Six Tips for Concentrating at Will

At some time or another (usually when we most want to concentrate!) all of us are prone to what I call Mental Leakage. When your concentration is threatened by distractions, interruptions, or your own wandering mind, these psychotherapeutic techniques work wonders! Learn them and be ready to call them up quickly before you totally lose focus and time.

Six-Tips-for-Concentrating-at-Will

  1. Transcending the environment means rising above physical issues that you can’t change. For example, when you get emails or voicemails you might tell yourself, Those constant beeps and alerts normally summon my attention and break my concentration, but now? I know that my colleagues are covering for me, so when I hear them, I will think ‘great teamwork’ instead of ‘Uh-oh – I’d better answer.’
  1. Constructive acceptance means accepting gracefully the things that can’t be changed. Writing employee reviews is stressful, but it’s part of the job, so when it’s necessary, I’ll do it as cheerfully as possible.
  1. Visualizing the ideal means picturing the positive outcomes of staying focused on your work. Filling out these compliance reports is so tedious, I will just keep a picture in my mind of the auditors coming back and saying, ‘Great job. No issues here.’ The mind follows the imagination, and the physical follows the mental.
  1. Positive affirmation recognizes that there’s a science to using a positive phrase like Just DO it! Or I’ve GOT this! to boost your spirits. First, you’re trying to program your subconscious mind through conscious thought to think favorably about the work in front of you. And then you’re trying to give yourself an adrenaline rush for energy. When you get a positive thrust in your mind from a phrase, there’s a positive physical reaction, too.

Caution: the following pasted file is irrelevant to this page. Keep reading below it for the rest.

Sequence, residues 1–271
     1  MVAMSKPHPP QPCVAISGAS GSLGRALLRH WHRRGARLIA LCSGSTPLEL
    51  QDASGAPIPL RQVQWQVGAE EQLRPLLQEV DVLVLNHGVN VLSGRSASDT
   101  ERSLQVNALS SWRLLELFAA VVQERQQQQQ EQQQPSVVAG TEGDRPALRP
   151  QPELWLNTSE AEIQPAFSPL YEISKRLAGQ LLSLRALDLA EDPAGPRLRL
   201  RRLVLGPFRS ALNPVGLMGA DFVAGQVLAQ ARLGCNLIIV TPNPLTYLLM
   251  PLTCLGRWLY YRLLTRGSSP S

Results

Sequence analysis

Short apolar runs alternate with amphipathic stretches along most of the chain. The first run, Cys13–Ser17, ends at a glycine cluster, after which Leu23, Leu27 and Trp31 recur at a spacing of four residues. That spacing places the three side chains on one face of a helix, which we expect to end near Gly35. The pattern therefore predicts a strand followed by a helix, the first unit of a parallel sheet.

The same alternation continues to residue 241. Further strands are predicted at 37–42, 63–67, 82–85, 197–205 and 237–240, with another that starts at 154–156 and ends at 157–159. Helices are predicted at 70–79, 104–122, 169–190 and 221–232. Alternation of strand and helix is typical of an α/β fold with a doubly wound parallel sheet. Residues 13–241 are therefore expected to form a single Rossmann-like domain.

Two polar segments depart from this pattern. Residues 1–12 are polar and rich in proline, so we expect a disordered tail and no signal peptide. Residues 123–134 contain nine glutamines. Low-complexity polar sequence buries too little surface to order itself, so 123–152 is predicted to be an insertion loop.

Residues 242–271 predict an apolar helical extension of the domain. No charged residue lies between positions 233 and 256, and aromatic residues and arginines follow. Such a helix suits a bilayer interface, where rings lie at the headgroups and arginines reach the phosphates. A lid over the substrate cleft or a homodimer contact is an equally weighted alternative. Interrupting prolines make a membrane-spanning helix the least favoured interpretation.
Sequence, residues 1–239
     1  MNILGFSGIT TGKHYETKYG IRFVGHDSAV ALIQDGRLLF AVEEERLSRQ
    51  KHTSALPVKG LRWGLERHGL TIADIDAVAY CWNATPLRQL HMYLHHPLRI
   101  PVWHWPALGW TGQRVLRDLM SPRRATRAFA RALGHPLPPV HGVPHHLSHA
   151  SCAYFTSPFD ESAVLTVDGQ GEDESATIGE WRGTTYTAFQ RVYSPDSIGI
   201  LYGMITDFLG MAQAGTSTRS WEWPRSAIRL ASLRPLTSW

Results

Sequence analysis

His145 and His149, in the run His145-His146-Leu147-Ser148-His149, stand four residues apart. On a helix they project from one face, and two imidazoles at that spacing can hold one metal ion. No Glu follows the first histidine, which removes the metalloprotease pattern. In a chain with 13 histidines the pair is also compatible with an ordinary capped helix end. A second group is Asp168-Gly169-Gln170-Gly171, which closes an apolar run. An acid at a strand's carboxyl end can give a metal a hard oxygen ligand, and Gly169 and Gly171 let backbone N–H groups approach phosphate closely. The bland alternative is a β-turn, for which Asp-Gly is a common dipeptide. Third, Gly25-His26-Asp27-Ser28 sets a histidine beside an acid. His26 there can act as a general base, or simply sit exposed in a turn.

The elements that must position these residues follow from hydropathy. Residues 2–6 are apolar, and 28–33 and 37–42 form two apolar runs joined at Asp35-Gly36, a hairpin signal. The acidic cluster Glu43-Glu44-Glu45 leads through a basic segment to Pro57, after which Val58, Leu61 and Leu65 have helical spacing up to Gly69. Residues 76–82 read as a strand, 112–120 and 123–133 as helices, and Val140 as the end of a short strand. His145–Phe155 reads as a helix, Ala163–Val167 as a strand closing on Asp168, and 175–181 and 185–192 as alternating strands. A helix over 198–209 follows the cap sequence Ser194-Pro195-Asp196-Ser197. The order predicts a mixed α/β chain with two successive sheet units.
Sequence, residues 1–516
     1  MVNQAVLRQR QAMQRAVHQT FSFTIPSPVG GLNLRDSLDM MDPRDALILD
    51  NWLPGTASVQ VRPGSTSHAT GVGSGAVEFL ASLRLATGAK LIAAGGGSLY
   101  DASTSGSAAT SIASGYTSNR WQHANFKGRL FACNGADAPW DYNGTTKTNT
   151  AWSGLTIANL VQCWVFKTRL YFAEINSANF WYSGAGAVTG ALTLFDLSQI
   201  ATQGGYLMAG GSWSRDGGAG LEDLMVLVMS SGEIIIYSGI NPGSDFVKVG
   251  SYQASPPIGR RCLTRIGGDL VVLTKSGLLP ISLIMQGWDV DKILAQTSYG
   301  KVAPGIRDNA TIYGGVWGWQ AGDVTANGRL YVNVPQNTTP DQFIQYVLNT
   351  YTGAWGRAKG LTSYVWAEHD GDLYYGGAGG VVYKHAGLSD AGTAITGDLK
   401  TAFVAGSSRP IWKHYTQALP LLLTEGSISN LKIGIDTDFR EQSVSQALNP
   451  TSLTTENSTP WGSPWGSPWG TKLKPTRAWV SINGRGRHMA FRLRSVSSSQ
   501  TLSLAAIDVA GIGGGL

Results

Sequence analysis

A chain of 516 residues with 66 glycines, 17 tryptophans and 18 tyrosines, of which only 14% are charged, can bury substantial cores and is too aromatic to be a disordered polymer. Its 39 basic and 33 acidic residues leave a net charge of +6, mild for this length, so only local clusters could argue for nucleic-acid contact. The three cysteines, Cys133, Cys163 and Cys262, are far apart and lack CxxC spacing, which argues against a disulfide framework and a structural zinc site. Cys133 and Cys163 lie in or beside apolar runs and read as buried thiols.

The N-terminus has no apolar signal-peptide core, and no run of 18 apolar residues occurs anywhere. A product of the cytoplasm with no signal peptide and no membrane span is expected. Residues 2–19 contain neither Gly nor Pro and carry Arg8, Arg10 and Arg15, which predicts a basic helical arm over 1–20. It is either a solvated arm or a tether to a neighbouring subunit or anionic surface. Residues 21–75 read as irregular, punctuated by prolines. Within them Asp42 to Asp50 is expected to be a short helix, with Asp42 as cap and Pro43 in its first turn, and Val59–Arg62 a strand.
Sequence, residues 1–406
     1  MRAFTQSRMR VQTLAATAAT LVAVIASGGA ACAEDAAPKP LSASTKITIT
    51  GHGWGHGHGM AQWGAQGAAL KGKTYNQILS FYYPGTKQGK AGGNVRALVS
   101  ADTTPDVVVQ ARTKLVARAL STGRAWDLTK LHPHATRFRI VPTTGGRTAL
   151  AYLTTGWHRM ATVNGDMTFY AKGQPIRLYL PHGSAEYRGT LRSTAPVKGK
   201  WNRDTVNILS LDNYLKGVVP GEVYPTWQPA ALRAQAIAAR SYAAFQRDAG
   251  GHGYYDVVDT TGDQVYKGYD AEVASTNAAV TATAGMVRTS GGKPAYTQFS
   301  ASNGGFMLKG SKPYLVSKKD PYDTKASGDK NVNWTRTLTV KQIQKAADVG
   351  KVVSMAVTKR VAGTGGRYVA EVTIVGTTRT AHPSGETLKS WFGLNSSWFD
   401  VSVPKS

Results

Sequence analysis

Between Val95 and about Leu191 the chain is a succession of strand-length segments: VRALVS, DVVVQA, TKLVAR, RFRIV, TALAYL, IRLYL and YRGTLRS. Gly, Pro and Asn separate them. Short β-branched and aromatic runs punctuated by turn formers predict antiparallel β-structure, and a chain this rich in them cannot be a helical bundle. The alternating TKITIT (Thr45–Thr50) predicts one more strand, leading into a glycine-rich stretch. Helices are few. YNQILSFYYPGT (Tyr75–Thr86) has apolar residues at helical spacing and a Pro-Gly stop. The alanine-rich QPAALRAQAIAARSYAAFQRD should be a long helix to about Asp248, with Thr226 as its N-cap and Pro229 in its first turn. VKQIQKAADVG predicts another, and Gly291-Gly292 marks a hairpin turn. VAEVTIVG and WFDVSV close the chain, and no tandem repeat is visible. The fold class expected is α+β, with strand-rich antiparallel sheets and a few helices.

1. Psychological counterpunching is useful when a counterproductive thought like, I wonder if I’ve got any emails – I think I’ll check, threatens your focus. You throw up a mental counter-punch: You’ll be disappointed later if you don’t finish this task now, and you won’t have another chance. And then you immediately follow it with your own best punch: Remember how great it feels to finish a project like this – you’ll feel great!
  1. Changing your internal computer chip means that once a pattern has been embedded into your “computer chip,” you must replace it. For example, if you’re trying to break a habit of burrowing into email several times a day, it doesn’t help to just say, Ignore email! Instead you have to reprogram yourself with a different behavior. When your hand reaches for your email device, turn your hand instead to a talisman that you keep handy for the purpose. Handle the talisman for a moment and return to your work.

You can learn more about these techniques and other time management solutions in my book, The Time Bandit Solution: Recovering Stolen Time You Never Knew You Had.

Edward G. Brown is an expert in corporate culture and behavior change. His sales and leadership programs has assisted Fortune 500 companies around the world.